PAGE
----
22 Feb 2009

Expensive Water Increases Conservation

This story press release illustrates some basic economics:
The California Farm Water... coalition's analysis shows that while agricultural water use is almost unchanged during the past 40 years, crop production figures have increased dramatically.

In 1967, the state's farmers applied 31.2 million acre-feet of water on their irrigated cropland. In 2000, that figure was 34.2 million acre-feet, an increase of 9.6 percent. During the same period, acres planted increased about 8 percent.

But production volume for field crops, fruit and nut crops, and vegetable and melon crops jumped from 35.8 million tons to 67.7 million tons, an increase of 89 percent.


A coalition survey of irrigation companies and suppliers shows that between 2003 and 2008, California farmers invested more than $1.5 billion on drip and microsprinkler irrigation technology. About 1.3 million acres had high technology irrigation systems installed during the period.


In addition to installing on-farm irrigation technology, many farmers engage in other kinds of conservation practices, for example use of cover crops, minimum tillage, water recycling and mulching.

"Let me put the decision this way," said farmer Ted Sheely of Lemoore. "When we converted to underground drip tape we saved about a tenth of an acre-foot of water per acre, but we also increased crop yield more than 20 percent. That's were the business economics come in."

Sheely says a farmer can make the conversion and pay for the cost of installing the system in four or five years.

"The high cost of water, however, isn't something we can escape. We use drip on tomatoes and all our permanent crops, pistachios and winegrapes. We provide the precise amount of water we want," he said. "On the other hand, it doesn't matter how much drip equipment you put in, if you don't have water to send down the line. Right now we don't have enough water to supply all the high-tech irrigation systems that are out there."
Farmers will spend money to increase efficiency when water becomes too precious to waste. That's happening NOW because of man-made shortages (price too low --> Demand exceeds Supply), which are set to get worse. The next step is to reduce the cost of shortages (in fact end shortages) with markets that will give farmers accurate signals of what water is worth AND allow them to reallocate water so that additional conservation investments can be avoided, and losses from shortages and rationing are minimized.

Bottom Line: Farmers will conserve water when it makes sense to do so, and market prices give the most accurate feedback on what's sensible. More markets, please!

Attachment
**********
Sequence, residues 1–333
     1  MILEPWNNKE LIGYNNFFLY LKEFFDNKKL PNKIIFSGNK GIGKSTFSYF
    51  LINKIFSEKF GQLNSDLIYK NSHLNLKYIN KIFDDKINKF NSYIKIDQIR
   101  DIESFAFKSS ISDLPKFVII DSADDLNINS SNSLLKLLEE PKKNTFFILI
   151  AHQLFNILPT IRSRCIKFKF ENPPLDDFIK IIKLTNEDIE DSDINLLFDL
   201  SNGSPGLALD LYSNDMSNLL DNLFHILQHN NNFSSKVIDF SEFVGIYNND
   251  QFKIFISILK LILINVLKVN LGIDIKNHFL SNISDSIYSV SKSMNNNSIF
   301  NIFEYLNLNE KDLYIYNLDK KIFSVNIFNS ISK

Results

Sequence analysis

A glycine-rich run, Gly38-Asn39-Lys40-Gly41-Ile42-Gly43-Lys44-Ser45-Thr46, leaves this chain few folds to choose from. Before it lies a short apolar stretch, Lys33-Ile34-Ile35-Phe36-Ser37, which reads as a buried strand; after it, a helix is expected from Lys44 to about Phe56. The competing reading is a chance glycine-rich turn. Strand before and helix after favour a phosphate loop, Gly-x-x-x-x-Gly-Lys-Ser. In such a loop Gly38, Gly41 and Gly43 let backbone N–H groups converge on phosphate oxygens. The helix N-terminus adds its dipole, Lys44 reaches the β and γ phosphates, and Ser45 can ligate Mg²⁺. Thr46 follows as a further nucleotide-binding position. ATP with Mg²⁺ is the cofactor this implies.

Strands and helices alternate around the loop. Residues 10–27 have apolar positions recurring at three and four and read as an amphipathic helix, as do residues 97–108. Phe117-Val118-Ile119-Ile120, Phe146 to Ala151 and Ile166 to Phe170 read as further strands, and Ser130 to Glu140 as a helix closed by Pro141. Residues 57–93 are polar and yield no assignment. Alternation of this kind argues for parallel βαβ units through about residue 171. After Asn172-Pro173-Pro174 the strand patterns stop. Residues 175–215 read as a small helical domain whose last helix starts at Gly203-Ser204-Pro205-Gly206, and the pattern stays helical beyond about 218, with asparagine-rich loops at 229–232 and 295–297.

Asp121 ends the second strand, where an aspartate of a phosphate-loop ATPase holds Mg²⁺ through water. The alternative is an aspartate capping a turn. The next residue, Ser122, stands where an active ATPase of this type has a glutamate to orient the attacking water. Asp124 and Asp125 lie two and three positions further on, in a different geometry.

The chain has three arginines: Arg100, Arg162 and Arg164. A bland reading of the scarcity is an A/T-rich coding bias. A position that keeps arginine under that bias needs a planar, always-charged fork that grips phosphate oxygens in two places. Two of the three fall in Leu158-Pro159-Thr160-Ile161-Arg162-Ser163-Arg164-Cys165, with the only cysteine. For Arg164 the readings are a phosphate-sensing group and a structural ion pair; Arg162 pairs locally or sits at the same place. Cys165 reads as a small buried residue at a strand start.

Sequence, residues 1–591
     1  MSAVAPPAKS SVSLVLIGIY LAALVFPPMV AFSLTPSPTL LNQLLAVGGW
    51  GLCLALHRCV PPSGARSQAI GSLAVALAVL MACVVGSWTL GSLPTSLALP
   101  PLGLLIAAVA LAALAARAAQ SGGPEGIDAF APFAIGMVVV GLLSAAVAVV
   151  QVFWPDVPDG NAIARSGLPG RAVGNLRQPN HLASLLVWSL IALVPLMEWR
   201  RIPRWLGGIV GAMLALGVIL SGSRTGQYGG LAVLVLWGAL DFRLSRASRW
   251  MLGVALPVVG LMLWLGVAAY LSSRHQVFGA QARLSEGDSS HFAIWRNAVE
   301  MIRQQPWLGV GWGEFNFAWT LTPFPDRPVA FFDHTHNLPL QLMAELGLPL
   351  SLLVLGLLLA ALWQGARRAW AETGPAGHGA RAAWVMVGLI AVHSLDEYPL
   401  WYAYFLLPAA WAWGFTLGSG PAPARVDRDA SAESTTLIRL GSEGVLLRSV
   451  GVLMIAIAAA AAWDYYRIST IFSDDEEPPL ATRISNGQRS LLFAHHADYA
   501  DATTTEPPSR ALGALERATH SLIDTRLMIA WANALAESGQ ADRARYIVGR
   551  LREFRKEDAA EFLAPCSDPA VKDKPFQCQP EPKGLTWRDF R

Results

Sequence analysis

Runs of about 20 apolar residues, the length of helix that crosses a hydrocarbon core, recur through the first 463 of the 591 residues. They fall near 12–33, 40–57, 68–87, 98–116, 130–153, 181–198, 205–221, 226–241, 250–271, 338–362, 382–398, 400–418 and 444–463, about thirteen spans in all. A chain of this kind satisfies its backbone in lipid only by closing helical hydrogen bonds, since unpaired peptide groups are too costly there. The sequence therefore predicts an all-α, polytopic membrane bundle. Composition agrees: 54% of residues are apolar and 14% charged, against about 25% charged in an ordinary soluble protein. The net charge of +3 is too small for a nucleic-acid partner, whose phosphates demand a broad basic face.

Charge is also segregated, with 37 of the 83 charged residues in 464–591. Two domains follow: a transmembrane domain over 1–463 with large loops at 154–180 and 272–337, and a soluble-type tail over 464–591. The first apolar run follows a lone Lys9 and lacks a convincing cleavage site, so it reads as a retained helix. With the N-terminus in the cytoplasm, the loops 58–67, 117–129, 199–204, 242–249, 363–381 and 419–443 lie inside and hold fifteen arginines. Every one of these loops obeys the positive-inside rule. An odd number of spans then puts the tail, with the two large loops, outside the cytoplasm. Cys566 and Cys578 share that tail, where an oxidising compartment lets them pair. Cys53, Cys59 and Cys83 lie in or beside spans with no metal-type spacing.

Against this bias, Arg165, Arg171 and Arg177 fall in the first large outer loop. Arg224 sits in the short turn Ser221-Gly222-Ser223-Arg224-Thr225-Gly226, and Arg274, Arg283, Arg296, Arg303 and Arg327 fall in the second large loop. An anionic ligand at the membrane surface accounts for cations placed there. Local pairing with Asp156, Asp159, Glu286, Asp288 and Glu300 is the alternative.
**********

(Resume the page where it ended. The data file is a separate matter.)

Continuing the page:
1. Whether it's a press release or a "real story", it reports on a trend that needs to be charted against the hyperbolic charge that farms waste water in almost biblical proportions. E.g., Gleick, et al.

    Fact is, farms have been slowly but steadily going to more efficient systems over a good deal of time, as new technologies become available and cost-effective.

    At the same time, these improvements tend to be steady but incremental, and no "quantum leap" is available that will solve California's ENORMOUS water shortfalls of the present. Not without major shocks to food supply, farm and non-farm employment, and California's GDP. And not without offshoring the environmental footprint of our food supply - i.e., water supply and quality questions, land use questions, greenhouse gas questions.

    The continuing drive for efficiency needs to be put in context. Good, yes. Panacea, no. Way to avoid need for new dams? No.

  2. @CF -- I agree with you on everything except the dams...


  3. Concur with your assessment. Subjecting the current water supply to the rigors of the market, without new augmenting it by building new dams and reservoirs, will in the end result in efficient allocation and the elimination of excess demand.

    It's just that that particular result will come at a higher price point for water, than if we did the same thing AND added new supply. That too, would result in an efficient allocation, but at a lower price point for water.

    I guess the difference of opinion on dams comes in where you think the new price point should be. If you don't care how high it goes and are dam-averse, then you keep the supply fixed and let the market pound the demand side. If you want a lower price point in order to preserve as much of the price-sensitive demand (i.e., California agriculture, and - in a perfect world - environmental flows, if you really want a comprehensive market) as possible, then you go with augmented supply.

    One thing's for sure: the urbs will be able to buy their water. The question is whether they do that by edging agriculture off the California map and into third-world locations. (Saving you previous thoughts about off-shoring environmental problems from repetition here.) And whether environmental values get a "free pass".

  4. @CF -- Actually, I don't think there are any possibilities for new dams that will have benefits in excess of costs (enviro, construction, community, etc.)


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